Ballistic by Marko Kloos


Ballistic by Marko Kloos (The Palladium Wars Book 2)
English | 2020 | Sci – Fi | ePUB | 2.9 MB

There is a personal price to pay for having aligned with the wrong side in a reckless war. For Aden Jansen it’s the need to adopt a new identity while keeping his past hidden. Now he’s integrated himself aboard the Zephyr, a merchant ship smuggling critical goods through dangerous space. But danger is imminent on planet Gretia, as well. Under occupation, torn between postwar reformers and loyalists, it’s a polestar for civil unrest.
Meanwhile an occupation forces officer is pulled right back into the fray when the battle alarm is raised, an ambitious heiress is entangled in a subversive political conspiracy, and an Allied captain is about to meet the enemy head-on.
As Aden discovers, the insurgents on Gretia—and in space—are connected, organized, and ready to break into full-scale rebellion. History is threatening to repeat itself. It’s time that Aden rediscovers who he is, whom he can trust, and what he must fight for now.

“I don’t care for this extended high-g shit, but I can suffer it for a little while longer, I guess,” Tristan Dorn said from his gravity couch behind Aden. He was the ship’s medic and the oldest member of the crew, a tall and lanky Oceanian in his fifties with a craggy face and short white hair. Aden found it liberating that almost everyone on Zephyr was his own age or older, and far more experienced. Only Maya, the pilot, and Tess, the engineer, were not in their forties yet. It was the first time since his early days in the Blackguards that he was the most junior and least experienced member of a team, but there was a certain freedom in taking orders instead of giving them, in learning instead of having to be responsible for someone else’s development.

As their new linguist, he’d been hired to do all the talking and listening whenever the crew needed someone who was completely fluent in Rhodian or Gretian. Universal-translator AI was incredibly useful for everyday interactions between people from different cultures, but even with quantum-state computing, it couldn’t catch nuance, dialect, or inflection as well as a multilingual human could. And Zephyr sometimes moved in circles where people didn’t want to be easily understood by outsiders.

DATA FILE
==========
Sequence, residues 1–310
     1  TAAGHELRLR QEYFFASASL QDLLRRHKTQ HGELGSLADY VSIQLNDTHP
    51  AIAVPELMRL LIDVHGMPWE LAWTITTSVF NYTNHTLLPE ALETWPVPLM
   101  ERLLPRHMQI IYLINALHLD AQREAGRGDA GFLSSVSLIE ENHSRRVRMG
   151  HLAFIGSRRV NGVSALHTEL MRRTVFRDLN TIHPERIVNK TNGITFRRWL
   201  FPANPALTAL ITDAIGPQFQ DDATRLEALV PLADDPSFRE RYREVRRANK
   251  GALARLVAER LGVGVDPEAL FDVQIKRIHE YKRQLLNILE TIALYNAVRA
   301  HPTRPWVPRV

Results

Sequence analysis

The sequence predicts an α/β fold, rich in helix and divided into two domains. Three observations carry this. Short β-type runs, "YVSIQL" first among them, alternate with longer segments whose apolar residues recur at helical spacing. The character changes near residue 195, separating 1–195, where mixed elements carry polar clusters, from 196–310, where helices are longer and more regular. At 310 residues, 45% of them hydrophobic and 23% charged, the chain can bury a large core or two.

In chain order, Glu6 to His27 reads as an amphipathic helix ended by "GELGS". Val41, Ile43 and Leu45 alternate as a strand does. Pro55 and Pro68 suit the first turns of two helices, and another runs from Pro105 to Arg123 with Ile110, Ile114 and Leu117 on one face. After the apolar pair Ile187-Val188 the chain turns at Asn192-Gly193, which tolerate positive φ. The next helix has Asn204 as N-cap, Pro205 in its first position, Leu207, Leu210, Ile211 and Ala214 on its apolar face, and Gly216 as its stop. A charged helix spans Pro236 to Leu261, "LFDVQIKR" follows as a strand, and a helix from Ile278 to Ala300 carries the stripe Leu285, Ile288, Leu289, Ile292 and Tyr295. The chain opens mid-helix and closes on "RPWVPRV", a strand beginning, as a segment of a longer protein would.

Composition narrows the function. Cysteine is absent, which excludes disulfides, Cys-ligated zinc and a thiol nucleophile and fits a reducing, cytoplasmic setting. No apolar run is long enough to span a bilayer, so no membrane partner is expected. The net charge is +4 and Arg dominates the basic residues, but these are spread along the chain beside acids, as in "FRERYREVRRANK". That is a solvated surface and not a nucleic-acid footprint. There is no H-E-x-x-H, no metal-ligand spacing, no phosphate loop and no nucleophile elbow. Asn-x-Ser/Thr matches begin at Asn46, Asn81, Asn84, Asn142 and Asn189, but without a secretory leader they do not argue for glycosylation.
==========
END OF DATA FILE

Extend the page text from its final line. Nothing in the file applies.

“What about you, Aden?” Captain Decker asked. “You want to keep the throttle open, or have a little more money in your ledger when we dock?”

“I get a vote, too?”

“Of course you do. You’re a member of the crew. Profits get split eight ways. The more fuel we burn, the smaller the payout once we get to Pallas. Might be nothing left over when Lady Mina pays up.”

“What’s the advantage of staying on the throttle if we’re going to win either way?” Aden asked.

“It’s good advertising,” Decker said. She pointed at the situational display projected above them. “Every ship in the neighborhood has us on their plots right now. And the telemetry data from our transponder is public record.”

“Everyone with a comtab can get on the Mnemosyne and see that this ship can do fifteen g sustained,” Henry added. “Reminds people where to look if they need to hire a fast courier.”

“Then let’s keep the throttle open,” Aden said. “That bet was bonus money anyway, right? Might as well invest it on advertising.”

Decker’s brief smile told Aden that she approved of his vote. He had gone out of his way to be agreeable as a new member of the crew, and he’d mostly gone with whatever he perceived to be the majority consensus. Fortunately, the other crew members were easy enough to get along with. Aden was glad he no longer had to mediate disputes or deal with the social dynamics of an entire company of troops that had been mostly in their teens and twenties when the war ended, and who had never known anything but top-down discipline.

“Tess?” Decker asked the last person on the maneuvering deck who hadn’t voiced an opinion yet.

“Keep going. And we have a bit more zip in reserve, if you want to open it up a little more,” Tess said from her gravity couch. She was scrolling through data readouts on her chair’s control tab, and there wasn’t a bit of strain in her voice from the added gravity of acceleration.

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